What Do You Really Want? – How a Succession Mediator Works

What Do You Really Want? – How a Succession Mediator Works
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Every entrepreneur is ultimately confronted with the question of succession planning – who can and wants to take on the business? When faced with this process, the entrepreneur is vulnerable to crisis and conflict, and in the worst case scenario, the family business peace can suffer considerably. Here, a professional mediator can be of great assistance.

The handing over of one’s business to the daughter or son is a fundamentally normal process in family businesses. But often times, the parent generation places great hope in its offspring while the child has his own ideas about how he wants to run the company in the future. The transition process is as a result quickly overshadowed by discrepancies and disagreements. In order to prevent a conflict or to deescalate the situation, it can be sensible to ask a neutral third person for help. This third party can be either a coach or a professional mediator, and his goal is to improve understanding among the involved parties – to understand the emotions and to make sense of actions accordingly.

As a prerequisite, all parties must agree on the involvement of the coach or mediator. Once everyone gives their consent, they can move on to the first phase.

Stating expectations

In the first phase, the current boss and future boss both present their views on the situation independently, making clear what they expect from the other party and the transition process. The views can then be combined in a list that captures the specific goals of the two sides. The predecessor could perhaps declare that he still wants to keep a decision power to some extent. His successor on the other hand could express that he wants to decide more for himself.

Revealing true interests 

Once the list of expectations are drafted, the second phase is all about uncovering the interests and motives behind the official positions. The mediator must help the parties uncover why they act in the way they do, and what is behind their actions. In order to do so, he can formulate clever questions that push both parties toward self-reflection.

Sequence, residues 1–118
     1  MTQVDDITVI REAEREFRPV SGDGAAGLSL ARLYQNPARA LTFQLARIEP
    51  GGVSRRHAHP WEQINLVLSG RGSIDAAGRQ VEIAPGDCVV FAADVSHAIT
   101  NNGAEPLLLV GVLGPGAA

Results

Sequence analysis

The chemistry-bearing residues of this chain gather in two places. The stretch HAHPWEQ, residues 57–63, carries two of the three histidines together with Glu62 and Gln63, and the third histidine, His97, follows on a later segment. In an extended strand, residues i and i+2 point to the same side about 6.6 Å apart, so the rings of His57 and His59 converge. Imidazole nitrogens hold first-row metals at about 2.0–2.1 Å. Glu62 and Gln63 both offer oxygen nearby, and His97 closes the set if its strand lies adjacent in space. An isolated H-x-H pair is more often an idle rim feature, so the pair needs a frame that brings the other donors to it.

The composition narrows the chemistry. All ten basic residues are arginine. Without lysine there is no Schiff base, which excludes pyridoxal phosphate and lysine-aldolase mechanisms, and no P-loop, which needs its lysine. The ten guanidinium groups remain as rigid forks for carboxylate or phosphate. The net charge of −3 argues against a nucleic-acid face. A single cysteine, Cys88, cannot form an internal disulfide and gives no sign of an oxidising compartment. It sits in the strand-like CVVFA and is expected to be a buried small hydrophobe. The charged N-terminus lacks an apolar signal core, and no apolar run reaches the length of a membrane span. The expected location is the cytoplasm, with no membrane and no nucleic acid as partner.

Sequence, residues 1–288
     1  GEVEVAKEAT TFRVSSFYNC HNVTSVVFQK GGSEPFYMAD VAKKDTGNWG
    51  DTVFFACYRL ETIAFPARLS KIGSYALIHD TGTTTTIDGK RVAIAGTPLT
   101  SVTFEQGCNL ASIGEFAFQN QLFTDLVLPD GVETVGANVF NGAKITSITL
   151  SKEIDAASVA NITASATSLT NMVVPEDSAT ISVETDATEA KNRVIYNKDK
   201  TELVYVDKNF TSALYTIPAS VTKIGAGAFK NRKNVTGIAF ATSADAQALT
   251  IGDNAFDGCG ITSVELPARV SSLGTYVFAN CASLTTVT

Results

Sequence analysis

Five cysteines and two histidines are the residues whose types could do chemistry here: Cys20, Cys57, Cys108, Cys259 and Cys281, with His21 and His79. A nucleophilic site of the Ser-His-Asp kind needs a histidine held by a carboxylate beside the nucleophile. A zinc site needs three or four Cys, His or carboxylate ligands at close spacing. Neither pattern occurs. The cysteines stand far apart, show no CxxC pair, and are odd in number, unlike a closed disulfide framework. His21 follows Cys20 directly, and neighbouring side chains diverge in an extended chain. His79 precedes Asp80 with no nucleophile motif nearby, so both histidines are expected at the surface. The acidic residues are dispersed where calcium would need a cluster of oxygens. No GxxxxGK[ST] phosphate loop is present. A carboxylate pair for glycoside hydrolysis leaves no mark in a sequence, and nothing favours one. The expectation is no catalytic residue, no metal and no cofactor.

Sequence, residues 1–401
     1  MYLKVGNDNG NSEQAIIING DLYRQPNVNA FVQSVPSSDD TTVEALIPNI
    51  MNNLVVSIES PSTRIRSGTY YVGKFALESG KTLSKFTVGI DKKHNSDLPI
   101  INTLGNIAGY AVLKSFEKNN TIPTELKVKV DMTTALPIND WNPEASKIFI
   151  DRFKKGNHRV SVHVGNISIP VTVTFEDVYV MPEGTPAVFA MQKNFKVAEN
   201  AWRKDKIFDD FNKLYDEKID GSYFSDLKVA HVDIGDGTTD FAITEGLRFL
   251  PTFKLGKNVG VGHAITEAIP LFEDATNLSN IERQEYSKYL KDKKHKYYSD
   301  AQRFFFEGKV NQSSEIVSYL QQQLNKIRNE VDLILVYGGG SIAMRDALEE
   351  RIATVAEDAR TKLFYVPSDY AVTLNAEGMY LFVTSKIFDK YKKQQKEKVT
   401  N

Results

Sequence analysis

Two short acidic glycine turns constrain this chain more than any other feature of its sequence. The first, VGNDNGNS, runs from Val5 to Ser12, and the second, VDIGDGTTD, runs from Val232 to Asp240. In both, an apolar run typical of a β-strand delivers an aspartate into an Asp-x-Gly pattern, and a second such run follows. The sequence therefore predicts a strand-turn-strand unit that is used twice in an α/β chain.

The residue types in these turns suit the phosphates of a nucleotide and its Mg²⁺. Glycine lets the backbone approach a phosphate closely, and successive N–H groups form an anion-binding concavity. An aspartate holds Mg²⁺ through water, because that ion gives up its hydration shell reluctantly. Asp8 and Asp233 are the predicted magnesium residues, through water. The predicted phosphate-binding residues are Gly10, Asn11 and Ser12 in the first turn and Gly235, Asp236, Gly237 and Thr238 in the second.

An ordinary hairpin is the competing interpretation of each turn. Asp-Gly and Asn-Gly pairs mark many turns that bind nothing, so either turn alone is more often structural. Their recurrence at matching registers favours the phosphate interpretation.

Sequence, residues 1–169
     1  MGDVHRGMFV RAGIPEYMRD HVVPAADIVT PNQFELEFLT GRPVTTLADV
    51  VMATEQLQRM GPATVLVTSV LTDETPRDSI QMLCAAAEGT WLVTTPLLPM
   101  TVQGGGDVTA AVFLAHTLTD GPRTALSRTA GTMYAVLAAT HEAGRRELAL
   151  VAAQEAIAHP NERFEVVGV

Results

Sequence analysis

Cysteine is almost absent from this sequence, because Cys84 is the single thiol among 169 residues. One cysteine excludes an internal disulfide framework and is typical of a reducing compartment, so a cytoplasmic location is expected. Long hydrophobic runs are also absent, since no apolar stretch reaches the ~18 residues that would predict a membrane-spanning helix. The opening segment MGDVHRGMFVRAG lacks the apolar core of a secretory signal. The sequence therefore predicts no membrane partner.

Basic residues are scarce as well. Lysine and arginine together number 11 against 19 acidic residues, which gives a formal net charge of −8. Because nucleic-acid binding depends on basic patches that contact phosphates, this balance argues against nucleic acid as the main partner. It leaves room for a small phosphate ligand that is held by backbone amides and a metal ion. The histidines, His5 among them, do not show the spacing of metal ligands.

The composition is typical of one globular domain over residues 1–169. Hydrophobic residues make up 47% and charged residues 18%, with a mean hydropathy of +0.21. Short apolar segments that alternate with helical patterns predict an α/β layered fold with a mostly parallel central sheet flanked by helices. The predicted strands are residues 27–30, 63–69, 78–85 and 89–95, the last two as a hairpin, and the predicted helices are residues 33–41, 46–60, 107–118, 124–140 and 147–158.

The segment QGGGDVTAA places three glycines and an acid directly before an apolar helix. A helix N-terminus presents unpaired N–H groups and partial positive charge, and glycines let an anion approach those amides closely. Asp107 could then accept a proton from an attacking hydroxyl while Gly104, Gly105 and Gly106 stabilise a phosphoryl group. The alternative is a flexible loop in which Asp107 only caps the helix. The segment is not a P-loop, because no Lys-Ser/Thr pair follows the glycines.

This process can uncover a whole range of emotions; the predecessor might admit that he fears not being happy with his new post-work freedom. The successor in turn might admit that he longs for more appreciation for himself from his predecessor. It is all about developing a sense of understanding for the other party, and the mediator can help enrich this process greatly.

Jointly working out a transition strategy

When the interests of each party are clear, the mediator can move to the third phase, in which he helps form a transition strategy that encompasses the mutual consensus of the parties. This process includes the structuring of a clear procedure and activity flow, and it is an opportunity for joint decisions to be recorded in the form of binding contracts.

Throughout this process, communication must be open and constructive even when the mediator is not around. It is important that all parties express their expectations honestly, which can lead to a succession strategy based on trust.

Ultimately, the likelihood of a fluid transition hinges on how well a succession strategy has been worked out by its stakeholders. As such, entrepreneurs would do well to remember that involving a mediator in their business succession planning is a recipe for success.

6 tips for a successful succession


  1. Talk at an early stage: Jointly work out the key points of the transition at an early stage. This not only involves making rules for the concrete transfer of shares, but also for agreeing on the adaption of management structure and strategic alignment of the company. Set these rules in a confidential manner.
  2. Celebrate: Set a date and time for the handover of the keys and celebrate it with a symbolic act. Such acts can include giving the successor the head position at the conference table, the No. 1 office, the golden pocket watch, or perhaps a special celebration with all employees.
  3. Develop a leadership development plan: The successor must have proven leadership skills and profit responsibility. To ensure that they are ready, it is best to develop a leadership development plan that defines what needs to be done and when, how, and for what reason. It is important to involve a coach that accompanies the successor during this time.
  4. Think about the future: As a predecessor, you shouldn’t focus on the things that you lose, but rather think about what you will win as a result of handing over the business. Think about how you can make use of your newly won freedom, such as hobbies, family or philanthropic work.
  5. Define communication rules: Speak out about your concerns and expectations, and set goals and rules based on these discussions. Everyone should make clear who gets which information at what times, who takes on new projects, and who answers to employees, customers, suppliers, and the press.
  6. Involve a mediator: Regardless of whether there are conflicts or not, a mediator can structure the succession and help take into account the different interests of everyone involved. A mediator can help avoid the costs of potential conflicts – even those that threaten the continued existence of the family business.